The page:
Nearly a decade ago, Santa Cruz was among the first cities in the U.S. to adopt predictive policing. This week, the California city became the first in the country to ban the policy.
In a unanimous decision Tuesday, the City Council passed an ordinance that banishes the use of datato predict where crimes may occur and also barred the city from using facial recognition software.
In recent years, both predictive policing and facial recognition technology have been criticized as racially prejudiced, often contributing to increased patrols in Black or brownneighborhoods or false accusations against people of color.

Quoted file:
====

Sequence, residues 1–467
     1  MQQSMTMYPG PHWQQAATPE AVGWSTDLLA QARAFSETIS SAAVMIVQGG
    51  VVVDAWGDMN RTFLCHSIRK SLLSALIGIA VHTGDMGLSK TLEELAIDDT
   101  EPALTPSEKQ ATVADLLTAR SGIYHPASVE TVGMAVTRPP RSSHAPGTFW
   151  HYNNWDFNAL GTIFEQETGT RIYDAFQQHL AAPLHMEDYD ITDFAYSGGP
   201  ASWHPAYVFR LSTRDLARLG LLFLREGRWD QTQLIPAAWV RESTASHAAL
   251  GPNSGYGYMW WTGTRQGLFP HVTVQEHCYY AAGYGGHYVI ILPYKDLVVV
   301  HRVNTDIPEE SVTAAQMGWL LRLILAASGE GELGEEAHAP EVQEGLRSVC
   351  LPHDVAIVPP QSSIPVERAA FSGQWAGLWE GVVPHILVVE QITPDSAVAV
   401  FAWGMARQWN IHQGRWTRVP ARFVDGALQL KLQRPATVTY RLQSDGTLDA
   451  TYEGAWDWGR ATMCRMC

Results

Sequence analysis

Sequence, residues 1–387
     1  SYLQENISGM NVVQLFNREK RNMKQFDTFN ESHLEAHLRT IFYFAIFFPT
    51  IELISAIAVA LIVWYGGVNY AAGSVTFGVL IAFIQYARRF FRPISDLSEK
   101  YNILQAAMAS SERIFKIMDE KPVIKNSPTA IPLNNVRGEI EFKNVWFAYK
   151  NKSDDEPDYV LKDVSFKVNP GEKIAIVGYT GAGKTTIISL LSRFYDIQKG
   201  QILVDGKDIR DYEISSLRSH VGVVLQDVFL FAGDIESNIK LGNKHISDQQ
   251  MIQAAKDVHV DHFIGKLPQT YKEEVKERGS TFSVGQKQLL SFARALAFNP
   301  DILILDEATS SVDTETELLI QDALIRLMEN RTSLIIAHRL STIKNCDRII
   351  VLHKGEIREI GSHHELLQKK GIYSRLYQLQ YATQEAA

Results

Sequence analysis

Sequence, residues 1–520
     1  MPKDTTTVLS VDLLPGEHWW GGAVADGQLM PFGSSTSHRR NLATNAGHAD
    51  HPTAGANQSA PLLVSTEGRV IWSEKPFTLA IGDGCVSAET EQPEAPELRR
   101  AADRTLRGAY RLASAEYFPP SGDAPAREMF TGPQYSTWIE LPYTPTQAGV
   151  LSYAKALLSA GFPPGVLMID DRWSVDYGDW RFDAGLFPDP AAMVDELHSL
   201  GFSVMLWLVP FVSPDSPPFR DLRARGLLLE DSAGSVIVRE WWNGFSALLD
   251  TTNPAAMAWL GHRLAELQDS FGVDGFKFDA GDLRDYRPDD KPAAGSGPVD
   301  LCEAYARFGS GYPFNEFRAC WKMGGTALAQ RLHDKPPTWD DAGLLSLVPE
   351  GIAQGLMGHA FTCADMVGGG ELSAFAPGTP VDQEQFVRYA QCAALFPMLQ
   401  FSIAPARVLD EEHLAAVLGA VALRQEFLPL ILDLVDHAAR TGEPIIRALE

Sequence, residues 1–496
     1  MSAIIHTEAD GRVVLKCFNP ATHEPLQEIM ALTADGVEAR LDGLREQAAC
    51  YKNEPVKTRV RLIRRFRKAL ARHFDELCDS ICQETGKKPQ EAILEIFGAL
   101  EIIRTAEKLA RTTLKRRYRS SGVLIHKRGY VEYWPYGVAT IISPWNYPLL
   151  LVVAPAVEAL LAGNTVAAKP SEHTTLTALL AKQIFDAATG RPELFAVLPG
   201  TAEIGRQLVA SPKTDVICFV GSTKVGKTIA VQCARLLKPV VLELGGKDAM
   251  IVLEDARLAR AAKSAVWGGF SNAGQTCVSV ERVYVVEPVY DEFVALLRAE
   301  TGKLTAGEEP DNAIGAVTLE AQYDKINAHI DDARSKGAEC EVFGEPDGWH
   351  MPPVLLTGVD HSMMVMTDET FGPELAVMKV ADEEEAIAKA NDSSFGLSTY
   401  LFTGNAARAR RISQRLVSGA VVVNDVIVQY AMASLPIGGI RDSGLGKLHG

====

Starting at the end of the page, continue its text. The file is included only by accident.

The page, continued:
Predictive policing uses algorithms that encourage officers to patrol locations identified as high-crime based on victim reports. The software “replicates and supercharges bias in policing by sending police to places that they’ve policed before — that is often going to be Black and brown communities,” said Matt Cagle, a technology and civil liberties attorney with the American Civil Liberties Union of Northern California.
Read the full story on LATimes.com.